Clear output in Report
Adding a w flag with the r flag will enable mtr to print a rather clear and more readable report for the traceroute.
$ mtr –rw -c [n] “domainname/IP” >”report-name”
mtr -rw -c 10 google.com >mtr-report-google
4. Rearrange the output fields
When you see the output of the mtr report, you will observe that the columns are arranged in a specific default manner. The o flag enables you to re-arrange the output in a customized manner to make it more useful and productive.
$ mtr -o “[Output Format]” “domainname/IP”
The mtr manpage can help you with what options you have while customizing the mtr report columns.
$ mtr -o "LSDR NBAW JMXI" google.com
5. Specify Time Interval between ICMP ECHO requests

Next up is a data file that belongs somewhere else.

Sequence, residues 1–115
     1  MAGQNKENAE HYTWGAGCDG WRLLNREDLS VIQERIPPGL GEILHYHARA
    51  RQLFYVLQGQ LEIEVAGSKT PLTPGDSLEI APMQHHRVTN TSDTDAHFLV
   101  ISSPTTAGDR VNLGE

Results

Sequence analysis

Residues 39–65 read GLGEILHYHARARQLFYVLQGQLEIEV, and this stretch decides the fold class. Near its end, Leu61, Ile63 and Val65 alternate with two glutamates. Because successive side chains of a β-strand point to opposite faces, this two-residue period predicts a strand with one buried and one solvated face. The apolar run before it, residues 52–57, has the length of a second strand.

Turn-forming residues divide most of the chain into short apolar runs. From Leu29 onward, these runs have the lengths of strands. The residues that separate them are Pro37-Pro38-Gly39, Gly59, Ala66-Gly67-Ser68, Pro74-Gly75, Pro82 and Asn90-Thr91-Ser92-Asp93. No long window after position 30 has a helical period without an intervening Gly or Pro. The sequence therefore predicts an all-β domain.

Although the default time interval between each ICMP and ECHO request is 1 second in the mtr command, you can change it by using the i flag to specify a new time interval.
$ mtr -i [time-in-seconds] “domainName/IP”
$ mtr -i 10 google.com
6. Use TCP SYN packets or UDP datagrams
If you want to use the TCP SYN or the UDP datagrams for requesting mtr instead of the default ICMP ECHO requests, you can do so by using the tcp and udp flags respectively.
$ mtr –tcp “domainName/IP”
$ mtr –udp “domainName/IP”
$ mtr --tcp google.com
$ mtr --udp google.com
7. Specify the maximum number of hops between the local system and the remote machine
You can customize the maximum number of hops to be probed between your local system and the remote machine by specifying the time, in seconds, with the m flag. The default time limit between two hops is 30 seconds for the mtr command.